Acknowledged for its lakes (Dal Lake, Nagin Lake and Anchar Lake), this city at an altitude of 1730m serves as a unique place for travelers where one can just stare at the Mughal Gardens, be blissed by the houseboat rides and just chill by the banks of river Jhelum. While Dal lake offers a variety of local colors and tourists, Nagin is a comparatively quieter lake to be at. One can witness the true nature of life on lakes at this pristine destination.
A “Meadow of Gold” situated at an altitude of 2740m and 81km from Srinagar. This place serves as the last scenic representation of greenery before the landscapes turn barren just as one passes through Zoji La.
Zoji La is 9km from Sonamarg and provides a vital link between Ladakh and Kashmir Valley. It runs at an elevation of approximately 3528m.
Not so Fun-fact – During the Indo-Pakistani War of 1947, Zoji La was seized by Pakistani supported invaders in 1948 in their campaign to capture Ladakh. The pass was re-captured by Indian forces on 1st November in an assault which achieved success primarily due to the surprise use of tanks, then the highest altitude at which tanks had operated in combat in the world.
Situated at an altitude of 3300m above sea level and 60km west of Kargil, this is known to be the second coldest inhabited town in the world as temperatures shoot down to around -40 degrees Celsius in the winters. This area gets so cold that even the local dialect is known as ‘Hambabs’ – meaning snowfall. The summers are much better than the savage winters and the valley is used by the locals to cultivate cereals and cash crops. The nearby Puga Valley is famous for its Hot Water Springs which have been known to help people suffering from rheumatism and skin diseases.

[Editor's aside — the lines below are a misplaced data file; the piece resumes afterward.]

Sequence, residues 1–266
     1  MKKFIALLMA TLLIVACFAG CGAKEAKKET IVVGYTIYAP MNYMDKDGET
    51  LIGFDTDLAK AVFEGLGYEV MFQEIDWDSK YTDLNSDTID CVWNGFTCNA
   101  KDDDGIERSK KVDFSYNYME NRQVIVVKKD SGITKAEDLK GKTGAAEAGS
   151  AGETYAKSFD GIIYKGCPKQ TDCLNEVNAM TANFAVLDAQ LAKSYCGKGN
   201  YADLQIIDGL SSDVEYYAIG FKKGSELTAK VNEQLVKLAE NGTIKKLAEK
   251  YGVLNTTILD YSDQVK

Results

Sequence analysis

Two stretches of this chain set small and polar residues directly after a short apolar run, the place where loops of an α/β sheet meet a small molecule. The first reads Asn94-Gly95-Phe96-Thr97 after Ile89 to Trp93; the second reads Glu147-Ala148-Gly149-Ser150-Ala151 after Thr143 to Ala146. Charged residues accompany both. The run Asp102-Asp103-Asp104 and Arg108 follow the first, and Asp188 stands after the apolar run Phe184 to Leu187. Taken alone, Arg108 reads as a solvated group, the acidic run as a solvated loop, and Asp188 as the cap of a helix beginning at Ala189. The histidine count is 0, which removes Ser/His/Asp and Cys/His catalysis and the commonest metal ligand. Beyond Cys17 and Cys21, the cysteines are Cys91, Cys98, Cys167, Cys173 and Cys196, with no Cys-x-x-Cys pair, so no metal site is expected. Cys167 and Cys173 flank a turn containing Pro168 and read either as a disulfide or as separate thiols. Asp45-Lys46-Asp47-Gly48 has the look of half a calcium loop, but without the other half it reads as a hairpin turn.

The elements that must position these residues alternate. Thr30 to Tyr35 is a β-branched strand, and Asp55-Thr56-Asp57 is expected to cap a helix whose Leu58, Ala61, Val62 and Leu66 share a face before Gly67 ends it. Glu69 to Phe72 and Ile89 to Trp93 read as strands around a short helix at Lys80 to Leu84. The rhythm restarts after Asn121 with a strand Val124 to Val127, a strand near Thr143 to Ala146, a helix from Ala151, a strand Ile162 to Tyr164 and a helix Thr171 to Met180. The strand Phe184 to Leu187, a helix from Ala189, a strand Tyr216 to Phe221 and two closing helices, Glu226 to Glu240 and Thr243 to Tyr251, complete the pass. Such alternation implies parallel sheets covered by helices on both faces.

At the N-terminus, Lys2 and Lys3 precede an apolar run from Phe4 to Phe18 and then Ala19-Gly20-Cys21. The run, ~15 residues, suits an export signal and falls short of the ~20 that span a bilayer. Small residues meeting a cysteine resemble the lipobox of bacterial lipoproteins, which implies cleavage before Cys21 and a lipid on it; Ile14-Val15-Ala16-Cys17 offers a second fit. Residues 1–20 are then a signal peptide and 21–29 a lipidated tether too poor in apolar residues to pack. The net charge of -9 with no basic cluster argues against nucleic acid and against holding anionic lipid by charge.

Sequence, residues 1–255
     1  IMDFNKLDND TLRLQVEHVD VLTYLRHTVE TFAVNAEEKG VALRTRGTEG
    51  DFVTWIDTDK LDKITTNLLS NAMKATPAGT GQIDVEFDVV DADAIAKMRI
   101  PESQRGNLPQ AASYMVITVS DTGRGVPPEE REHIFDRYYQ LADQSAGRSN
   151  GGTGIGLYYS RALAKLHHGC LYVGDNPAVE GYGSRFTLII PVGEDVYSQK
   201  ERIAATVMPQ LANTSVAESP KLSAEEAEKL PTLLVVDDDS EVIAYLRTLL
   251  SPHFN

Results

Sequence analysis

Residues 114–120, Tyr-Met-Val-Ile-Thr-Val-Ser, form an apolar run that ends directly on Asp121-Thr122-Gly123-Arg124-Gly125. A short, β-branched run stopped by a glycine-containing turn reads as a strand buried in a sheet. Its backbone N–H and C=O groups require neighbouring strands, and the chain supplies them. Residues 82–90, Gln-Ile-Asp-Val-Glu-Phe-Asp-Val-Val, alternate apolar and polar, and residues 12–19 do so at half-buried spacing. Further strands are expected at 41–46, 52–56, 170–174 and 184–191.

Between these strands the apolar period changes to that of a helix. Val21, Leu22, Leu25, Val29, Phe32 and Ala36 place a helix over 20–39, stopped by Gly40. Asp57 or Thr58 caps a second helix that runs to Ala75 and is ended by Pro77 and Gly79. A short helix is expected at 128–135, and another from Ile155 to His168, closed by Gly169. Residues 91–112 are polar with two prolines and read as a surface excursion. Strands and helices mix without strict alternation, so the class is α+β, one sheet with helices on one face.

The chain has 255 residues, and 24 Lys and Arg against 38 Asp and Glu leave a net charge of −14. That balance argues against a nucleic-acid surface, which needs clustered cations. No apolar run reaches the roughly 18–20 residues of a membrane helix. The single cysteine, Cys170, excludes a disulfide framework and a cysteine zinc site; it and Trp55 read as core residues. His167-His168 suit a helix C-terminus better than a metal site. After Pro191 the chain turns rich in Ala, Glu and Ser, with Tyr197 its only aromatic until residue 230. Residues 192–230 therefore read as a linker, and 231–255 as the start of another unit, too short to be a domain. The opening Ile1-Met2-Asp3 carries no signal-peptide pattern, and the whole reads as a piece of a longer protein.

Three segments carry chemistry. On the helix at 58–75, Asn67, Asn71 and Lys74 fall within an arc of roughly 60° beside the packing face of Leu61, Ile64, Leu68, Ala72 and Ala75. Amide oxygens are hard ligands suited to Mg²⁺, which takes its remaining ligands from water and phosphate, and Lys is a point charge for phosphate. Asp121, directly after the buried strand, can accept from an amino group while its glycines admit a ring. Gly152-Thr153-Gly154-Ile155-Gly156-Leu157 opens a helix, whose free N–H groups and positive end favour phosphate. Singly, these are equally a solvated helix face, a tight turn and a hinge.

Positioned at an altitude of 2704m, this beautiful town which earlier used to be the center on Pan-Asian Trade is now an epicenter of adventure activities in the Laddakh regon. It is about 204km from Srinagar in the west and 234km from Leh in the east and serves as a virtuous resting place for travelers venturing through these roadways. While enjoying the scenic beauty of this valley one can have mesmerizing views of the snowcapped mountains through this valley which is fringed with apricot trees.